And, the November 2005 issue of the Midwest Book Review's Internet Bookwatch has just favorably mentioned my Watching Anime, Reading Manga in its Theatre/Cinema Shelf section, along with two other books: Fans of Japanese cinema have three excellent, very different guides to choose from. Fred Patten's Watching Anime, Reading Manga: 25 Years Of Essays And Reviews (1880656922, $18.95) reports on the anime culture in America, gathering articles on Japanese animation and comics and examining both its fan world and the business of its production. Chapters cover everything from individual anime artists to overall licensing and theatrical issues and features, anime pornography, Japanese anime and manga culture, and more. The range of issues and considerations come from an active participant in fan clubs and writings over the years and will prove a 'must' for anime followers. Cruising The Anime City: An Otaku Guide To Neo Tokyo by Patrick Macias and Tomohiro Machiyama (1880656884, $16.95) explores the Anime City - Neo Tokyo, a modern metropolis required for pure pop. From magazines and shopping to Toei animation and 'gal games', any visitor or would-be visitor to Japan who would relish its underground pop culture side must have Cruising The Anime City. From its reviews of anime studios and idols to games and movies, there's simply nothing quite like it on the market. Patrick Galloway's Stray Dogs & Lone Wolves: The Samurai Film Handbook (1880656930, $19.95) provides a critical guide to over 50 top samurai films, from well-known masterpieces to new hits and underground samurai cult works. Chapters also provide overviews of the Japanese film industry, biographies of key actors and directors, and provide plenty of critical insights by a lifelong student of Asian film, culture and philosophy with special insider insights.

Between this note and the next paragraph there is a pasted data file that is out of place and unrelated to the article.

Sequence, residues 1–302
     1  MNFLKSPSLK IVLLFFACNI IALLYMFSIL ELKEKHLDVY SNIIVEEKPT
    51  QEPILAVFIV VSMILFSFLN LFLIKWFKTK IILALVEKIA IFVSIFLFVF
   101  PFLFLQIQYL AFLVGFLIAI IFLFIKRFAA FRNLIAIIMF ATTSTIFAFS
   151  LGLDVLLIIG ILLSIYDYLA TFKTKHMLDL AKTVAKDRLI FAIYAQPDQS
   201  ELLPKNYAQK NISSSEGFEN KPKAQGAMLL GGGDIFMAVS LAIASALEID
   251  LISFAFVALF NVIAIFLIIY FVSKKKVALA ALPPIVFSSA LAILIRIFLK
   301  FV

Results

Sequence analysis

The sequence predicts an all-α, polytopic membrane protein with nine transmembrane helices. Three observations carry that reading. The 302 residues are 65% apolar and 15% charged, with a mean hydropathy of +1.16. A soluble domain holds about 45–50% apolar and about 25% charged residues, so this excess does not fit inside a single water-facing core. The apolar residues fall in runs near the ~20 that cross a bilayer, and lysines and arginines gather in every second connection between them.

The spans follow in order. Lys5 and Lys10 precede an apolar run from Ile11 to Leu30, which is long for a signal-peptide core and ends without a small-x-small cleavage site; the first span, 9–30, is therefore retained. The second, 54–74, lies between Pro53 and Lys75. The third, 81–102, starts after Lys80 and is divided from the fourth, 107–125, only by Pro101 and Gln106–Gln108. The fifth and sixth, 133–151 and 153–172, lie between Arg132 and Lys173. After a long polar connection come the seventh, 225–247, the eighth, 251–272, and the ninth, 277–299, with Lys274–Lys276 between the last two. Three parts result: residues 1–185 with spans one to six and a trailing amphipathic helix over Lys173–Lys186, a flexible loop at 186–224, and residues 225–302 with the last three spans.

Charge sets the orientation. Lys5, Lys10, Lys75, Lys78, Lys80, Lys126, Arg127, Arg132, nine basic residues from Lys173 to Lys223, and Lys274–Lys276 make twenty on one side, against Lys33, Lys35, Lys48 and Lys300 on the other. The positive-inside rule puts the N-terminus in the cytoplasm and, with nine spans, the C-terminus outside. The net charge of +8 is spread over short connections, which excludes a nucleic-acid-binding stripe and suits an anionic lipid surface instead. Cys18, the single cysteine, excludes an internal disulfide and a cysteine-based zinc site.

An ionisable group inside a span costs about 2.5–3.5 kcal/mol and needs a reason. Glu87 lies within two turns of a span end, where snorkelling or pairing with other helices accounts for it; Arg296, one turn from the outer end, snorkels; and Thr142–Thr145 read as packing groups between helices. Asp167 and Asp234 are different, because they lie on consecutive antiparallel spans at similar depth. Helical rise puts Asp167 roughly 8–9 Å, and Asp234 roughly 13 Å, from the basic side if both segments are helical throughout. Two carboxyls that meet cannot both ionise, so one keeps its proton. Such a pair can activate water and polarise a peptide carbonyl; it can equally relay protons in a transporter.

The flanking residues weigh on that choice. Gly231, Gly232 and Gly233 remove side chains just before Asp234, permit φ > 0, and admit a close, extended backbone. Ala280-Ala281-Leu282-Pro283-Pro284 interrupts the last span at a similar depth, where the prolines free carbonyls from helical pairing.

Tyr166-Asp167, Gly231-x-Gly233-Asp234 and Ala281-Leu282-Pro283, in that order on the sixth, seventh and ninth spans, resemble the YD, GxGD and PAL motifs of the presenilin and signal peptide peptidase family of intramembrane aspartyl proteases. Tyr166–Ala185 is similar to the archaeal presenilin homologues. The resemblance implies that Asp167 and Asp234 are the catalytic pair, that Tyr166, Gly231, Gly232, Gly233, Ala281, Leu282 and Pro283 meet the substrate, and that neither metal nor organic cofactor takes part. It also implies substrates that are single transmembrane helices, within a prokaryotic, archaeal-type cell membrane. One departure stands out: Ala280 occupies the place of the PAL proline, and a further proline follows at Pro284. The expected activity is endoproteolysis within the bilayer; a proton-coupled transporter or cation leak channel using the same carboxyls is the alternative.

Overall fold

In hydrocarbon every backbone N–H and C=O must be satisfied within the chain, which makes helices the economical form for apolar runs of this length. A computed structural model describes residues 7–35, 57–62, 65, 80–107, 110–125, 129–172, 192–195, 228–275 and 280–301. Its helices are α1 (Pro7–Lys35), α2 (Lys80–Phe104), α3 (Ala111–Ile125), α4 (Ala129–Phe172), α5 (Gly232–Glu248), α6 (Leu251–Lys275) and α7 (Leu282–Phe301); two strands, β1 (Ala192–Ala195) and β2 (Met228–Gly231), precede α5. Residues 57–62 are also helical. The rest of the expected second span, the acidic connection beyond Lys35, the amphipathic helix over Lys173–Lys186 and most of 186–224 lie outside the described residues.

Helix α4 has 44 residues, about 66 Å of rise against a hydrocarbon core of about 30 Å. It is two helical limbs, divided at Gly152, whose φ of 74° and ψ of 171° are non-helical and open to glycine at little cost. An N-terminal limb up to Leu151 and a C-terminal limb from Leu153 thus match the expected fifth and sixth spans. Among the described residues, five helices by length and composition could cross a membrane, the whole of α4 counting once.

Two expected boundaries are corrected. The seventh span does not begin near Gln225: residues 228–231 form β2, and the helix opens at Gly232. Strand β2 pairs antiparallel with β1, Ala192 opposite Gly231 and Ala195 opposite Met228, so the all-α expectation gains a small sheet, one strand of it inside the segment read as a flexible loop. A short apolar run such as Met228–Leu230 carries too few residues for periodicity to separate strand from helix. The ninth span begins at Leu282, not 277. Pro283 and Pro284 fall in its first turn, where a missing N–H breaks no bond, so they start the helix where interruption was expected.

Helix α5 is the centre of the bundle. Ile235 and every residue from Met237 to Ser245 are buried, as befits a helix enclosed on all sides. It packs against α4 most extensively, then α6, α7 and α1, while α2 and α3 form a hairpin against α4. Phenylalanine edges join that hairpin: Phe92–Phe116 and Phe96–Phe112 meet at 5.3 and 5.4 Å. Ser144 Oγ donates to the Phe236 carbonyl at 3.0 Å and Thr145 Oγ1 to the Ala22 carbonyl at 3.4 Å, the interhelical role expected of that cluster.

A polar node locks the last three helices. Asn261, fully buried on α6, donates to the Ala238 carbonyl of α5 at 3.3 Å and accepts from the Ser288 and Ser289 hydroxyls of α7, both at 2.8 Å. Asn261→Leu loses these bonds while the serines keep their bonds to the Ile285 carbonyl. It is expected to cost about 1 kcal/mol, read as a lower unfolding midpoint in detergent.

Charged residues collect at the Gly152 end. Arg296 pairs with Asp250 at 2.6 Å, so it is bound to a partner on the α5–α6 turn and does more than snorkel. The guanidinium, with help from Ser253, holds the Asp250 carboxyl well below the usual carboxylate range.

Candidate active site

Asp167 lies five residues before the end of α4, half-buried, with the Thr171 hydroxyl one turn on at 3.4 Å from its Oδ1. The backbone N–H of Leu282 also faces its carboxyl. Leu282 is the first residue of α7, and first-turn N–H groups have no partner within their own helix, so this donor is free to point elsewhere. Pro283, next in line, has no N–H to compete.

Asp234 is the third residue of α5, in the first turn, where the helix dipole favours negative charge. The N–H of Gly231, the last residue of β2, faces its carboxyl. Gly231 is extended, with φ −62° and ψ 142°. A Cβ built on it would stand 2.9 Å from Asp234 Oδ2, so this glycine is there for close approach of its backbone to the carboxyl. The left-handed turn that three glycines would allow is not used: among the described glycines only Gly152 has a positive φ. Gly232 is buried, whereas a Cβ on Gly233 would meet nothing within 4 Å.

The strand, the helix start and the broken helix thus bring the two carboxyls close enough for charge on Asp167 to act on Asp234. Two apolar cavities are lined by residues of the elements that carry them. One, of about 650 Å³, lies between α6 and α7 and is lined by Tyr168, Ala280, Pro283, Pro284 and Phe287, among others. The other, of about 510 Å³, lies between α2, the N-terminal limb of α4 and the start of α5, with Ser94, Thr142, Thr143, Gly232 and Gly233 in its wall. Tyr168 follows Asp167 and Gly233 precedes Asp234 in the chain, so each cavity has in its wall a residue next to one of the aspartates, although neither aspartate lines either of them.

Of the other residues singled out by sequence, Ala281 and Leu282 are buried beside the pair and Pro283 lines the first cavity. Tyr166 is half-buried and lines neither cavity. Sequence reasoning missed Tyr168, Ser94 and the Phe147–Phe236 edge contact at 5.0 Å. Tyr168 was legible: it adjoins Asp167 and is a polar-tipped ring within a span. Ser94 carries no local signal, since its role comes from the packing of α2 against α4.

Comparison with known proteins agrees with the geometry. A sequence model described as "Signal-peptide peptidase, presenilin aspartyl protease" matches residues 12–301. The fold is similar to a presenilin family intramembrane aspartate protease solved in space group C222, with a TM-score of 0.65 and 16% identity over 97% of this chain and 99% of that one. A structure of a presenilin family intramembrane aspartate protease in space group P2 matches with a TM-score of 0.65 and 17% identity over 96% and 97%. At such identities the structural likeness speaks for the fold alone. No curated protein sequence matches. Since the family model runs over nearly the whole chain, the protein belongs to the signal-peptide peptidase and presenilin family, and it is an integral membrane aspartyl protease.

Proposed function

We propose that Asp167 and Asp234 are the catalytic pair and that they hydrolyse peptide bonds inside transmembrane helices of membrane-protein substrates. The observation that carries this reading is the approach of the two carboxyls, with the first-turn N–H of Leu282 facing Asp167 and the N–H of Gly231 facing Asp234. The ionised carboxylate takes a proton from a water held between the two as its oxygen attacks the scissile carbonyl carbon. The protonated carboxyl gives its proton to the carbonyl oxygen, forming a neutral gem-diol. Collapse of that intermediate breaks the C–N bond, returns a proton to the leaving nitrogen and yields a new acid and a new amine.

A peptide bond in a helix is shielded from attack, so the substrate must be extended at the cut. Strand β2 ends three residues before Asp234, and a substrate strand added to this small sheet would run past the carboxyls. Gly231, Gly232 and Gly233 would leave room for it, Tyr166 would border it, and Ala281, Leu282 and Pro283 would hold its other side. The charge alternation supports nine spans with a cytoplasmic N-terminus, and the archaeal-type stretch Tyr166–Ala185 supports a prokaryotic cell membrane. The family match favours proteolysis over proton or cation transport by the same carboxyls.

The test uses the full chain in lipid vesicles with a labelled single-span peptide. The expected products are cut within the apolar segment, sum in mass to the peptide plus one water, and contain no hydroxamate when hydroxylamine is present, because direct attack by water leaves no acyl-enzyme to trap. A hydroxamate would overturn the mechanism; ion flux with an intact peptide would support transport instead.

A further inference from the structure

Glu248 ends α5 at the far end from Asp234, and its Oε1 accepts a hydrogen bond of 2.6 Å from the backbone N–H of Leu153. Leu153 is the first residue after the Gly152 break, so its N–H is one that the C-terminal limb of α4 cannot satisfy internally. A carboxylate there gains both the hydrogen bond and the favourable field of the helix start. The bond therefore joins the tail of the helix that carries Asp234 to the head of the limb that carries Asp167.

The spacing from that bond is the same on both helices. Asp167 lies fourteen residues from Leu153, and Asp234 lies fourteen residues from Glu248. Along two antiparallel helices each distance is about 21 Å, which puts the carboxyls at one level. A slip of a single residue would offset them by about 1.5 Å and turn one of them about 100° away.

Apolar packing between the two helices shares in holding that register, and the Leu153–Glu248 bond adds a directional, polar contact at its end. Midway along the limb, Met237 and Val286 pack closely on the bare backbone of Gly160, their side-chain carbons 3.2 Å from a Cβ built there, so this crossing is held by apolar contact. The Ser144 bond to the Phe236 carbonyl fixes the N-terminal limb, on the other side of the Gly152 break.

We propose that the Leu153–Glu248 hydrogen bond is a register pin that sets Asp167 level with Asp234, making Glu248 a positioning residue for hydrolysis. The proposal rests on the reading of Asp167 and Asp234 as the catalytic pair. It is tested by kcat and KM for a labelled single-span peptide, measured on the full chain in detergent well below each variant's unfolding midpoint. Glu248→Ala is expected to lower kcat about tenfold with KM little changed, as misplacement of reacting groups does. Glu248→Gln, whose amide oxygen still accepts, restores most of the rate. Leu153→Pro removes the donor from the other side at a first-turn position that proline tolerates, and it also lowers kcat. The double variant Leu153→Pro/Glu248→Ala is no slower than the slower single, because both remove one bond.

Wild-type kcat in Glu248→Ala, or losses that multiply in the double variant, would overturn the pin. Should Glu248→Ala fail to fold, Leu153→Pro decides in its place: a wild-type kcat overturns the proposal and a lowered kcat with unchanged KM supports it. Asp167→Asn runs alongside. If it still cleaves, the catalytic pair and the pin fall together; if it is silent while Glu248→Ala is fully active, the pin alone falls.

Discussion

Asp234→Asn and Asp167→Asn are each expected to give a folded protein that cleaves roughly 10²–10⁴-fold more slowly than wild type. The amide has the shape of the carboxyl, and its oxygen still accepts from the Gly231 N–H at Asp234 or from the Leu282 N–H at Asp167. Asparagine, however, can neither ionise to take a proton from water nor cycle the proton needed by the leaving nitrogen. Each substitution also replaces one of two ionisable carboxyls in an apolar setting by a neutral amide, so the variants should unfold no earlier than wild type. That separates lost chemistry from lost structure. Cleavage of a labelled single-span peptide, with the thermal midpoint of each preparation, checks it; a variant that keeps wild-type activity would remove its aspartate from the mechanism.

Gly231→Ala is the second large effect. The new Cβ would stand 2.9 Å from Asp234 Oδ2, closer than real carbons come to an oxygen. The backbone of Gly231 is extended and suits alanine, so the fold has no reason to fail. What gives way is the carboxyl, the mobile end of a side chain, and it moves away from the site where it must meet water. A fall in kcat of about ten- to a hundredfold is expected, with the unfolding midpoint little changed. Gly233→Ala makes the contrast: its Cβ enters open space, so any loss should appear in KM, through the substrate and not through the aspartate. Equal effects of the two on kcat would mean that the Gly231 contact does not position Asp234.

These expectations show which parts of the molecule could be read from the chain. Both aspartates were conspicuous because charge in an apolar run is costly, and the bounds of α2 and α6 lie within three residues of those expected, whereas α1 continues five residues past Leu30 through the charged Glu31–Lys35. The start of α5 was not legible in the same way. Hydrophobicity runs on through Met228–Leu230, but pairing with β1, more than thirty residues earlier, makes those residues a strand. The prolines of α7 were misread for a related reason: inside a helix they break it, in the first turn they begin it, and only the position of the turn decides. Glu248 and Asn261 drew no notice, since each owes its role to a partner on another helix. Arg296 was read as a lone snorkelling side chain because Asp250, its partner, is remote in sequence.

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-- Comments on Last Week's Distribution:
Vanamonde #651 - (Hertz) If "The world is his oyster", should he put on his best suit and pledge his undying love to one? (A reference to one of Jules Verne's more obscure comedies.) ## A fez is also easier to wear than a turban.
******* - (Cantor) It seems to me more likely that Apa L will end as it did in the 1960s leading to its brief Hiatus, after it shrinks to the point that there is a consensus among its O.C. and remaining contributors that it has reached the end of its worthwhile existence and should be given a clean death. ## Okay, as long as a complete set of your fanzines is archived someplace; the Eaton Collection at UCRiverside or here at the LASFS.
De Jueves #1451 - (Moffatt) At the Autumn Holiday Party which was on the Daylight Saving Time-shift weekend, every-body screamed at Tom Safer to quit trying to reset the radio-controlled clock by hand or he would break it. It had reset itself by the time I left the party. ## If I got different cushions for my wheelchair to not use the same cushion for two days in a row, I doubt most of the nurses would take the trouble to change them. I am willing to experiment if anyone has a doughnut cushion that I might borrow. I am reluctant to spend money buying one just for an experiment. ## Chainsaw Jane (in Nip and Tuck) is a woman wrestler; much friendlier offstage than her ring persona. Thelma Possum is a big fan of women's wrestling, established in earlier sequences of the comic strip.